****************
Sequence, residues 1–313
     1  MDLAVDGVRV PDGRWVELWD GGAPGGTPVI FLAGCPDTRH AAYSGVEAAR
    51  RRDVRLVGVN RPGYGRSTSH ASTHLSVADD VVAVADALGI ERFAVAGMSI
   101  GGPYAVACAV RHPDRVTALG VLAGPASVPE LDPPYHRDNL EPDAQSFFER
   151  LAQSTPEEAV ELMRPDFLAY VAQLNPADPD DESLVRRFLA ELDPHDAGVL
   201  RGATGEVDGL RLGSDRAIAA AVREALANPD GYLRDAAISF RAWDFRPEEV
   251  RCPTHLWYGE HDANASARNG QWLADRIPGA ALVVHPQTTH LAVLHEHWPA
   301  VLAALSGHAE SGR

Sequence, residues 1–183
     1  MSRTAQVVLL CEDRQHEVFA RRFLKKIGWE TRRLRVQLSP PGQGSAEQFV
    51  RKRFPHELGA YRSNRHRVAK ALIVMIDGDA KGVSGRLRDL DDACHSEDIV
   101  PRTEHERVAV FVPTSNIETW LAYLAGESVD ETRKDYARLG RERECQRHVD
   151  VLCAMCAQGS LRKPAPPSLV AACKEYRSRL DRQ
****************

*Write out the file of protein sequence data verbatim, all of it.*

Sequence, residues 1–313
     1  MDLAVDGVRV PDGRWVELWD GGAPGGTPVI FLAGCPDTRH AAYSGVEAAR
    51  RRDVRLVGVN RPGYGRSTSH ASTHLSVADD VVAVADALGI ERFAVAGMSI
   101  GGPYAVACAV RHPDRVTALG VLAGPASVPE LDPPYHRDNL EPDAQSFFER
   151  LAQSTPEEAV ELMRPDFLAY VAQLNPADPD DESLVRRFLA ELDPHDAGVL
   201  RGATGEVDGL RLGSDRAIAA AVREALANPD GYLRDAAISF RAWDFRPEEV
   251  RCPTHLWYGE HDANASARNG QWLADRIPGA ALVVHPQTTH LAVLHEHWPA
   301  VLAALSGHAE SGR

Sequence, residues 1–183
     1  MSRTAQVVLL CEDRQHEVFA RRFLKKIGWE TRRLRVQLSP PGQGSAEQFV
    51  RKRFPHELGA YRSNRHRVAK ALIVMIDGDA KGVSGRLRDL DDACHSEDIV
   101  PRTEHERVAV FVPTSNIETW LAYLAGESVD ETRKDYARLG RERECQRHVD
   151  VLCAMCAQGS LRKPAPPSLV AACKEYRSRL DRQ